Battle of Crete
In war, even small islands can be important. They provide landing fields for aeroplanes and harbours for shipping. Command of a strategic island can provide control over a large surrounding area. Some of the fiercest battles in World War II were fought over relatively small islands.
In 1941, German and Italian forces drove the Allies off the Greek mainland. Some Allied troops – British, Australian, New Zealand soldiers and Greek civil milita – retreated to the nearby island of Crete and took up a defensive position there. The German high command were determined to drive them off Crete, but Hitler was preparing to invade Russia and did not want to divert his resources. The German commanders in Greece were given a strict deadline for the Crete campaign.
The British Royal Navy controlled the waters around Crete, so the Germans attacked from the air. On 21 May 1941 they landed large numbers of paratroops, and other soldiers in gliders along the northern coast of the island. This was the first time ever that a large-scale attack had been made by airborne troops. At first, the Germans suffered severe casualties: many of the men who landed by glider were killed before they even got out of their aircraft.
But the Germans eventually gained control of a landing field and then were able to safely land large numbers of reinforcements. From this point on, they advanced across the island, but with fierce fighting all the way. The men and women of Crete resisted the Germans, using whatever weapons they could find. This was the first time German forces had encountered strong resistance from a civilian population.
[S]ome villages were burning after being bombed [by German planes] and the people must have known we were leaving. I felt ashamed to desert such gallant people. People who were poor, were risking their lives for freedom and helped so many British, Australian and New Zealanders who remained behind in Crete...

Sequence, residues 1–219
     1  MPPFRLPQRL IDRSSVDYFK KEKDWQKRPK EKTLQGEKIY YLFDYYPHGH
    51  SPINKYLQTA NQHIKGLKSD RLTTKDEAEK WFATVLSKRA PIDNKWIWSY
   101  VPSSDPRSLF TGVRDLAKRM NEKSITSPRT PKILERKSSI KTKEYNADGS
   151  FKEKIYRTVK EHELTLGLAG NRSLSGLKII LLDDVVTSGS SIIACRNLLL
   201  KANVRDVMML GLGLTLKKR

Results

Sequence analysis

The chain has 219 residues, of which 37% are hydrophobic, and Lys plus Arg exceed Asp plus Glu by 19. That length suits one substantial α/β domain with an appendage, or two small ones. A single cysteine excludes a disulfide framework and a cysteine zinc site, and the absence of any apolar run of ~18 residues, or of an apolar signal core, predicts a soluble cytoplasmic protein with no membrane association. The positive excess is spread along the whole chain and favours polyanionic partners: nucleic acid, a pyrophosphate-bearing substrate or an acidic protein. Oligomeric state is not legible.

- George Weelink, New Zealand soldier
George Weelink in Forty, G 2001 The Battle of Crete, Ian Allen Publishing, Hersham, Surrey.
The British Royal Navy was able to evacuate 16,000 troops to Egypt, but had to leave many others behind, including 9000 Australian and New Zealand troops, and thousands of Greek soldiers. Most of these surrendered to the Germans and went to prisoner-of-war camps but some went into hiding and fought with the Cretan resistance. Others managed to make their own escape from the island.
Soldiers of the Royal British Army, Navy, Air Force! There are many of you still hiding in the mountains, valleys and villages. You have to present yourself AT ONCE to the German troops. Every opposition will be completely useless. Every attempt to flee will be in vain.
- German poster displayed in occupied Crete
The German term for paratrooper is fallschirmjaeger, which means ‘parachute hunter’. The Germans used large gliders to land troops on Crete. These planes had no engines of their own. They were launched by being towed behind powered aircraft, and once landed they could not take off again quickly. This was only the second time gliders had been used in this way. In May 1940, the Germans had used gliders to land troops and successfully attack strategic bridges in Belgium.
At home in Australia, newspapers praised the courage of Australian troops, but the withdrawal from Crete was a demoralising blow. Many Australian soldiers were now prisoners in German camps, and would not return until the end of the war.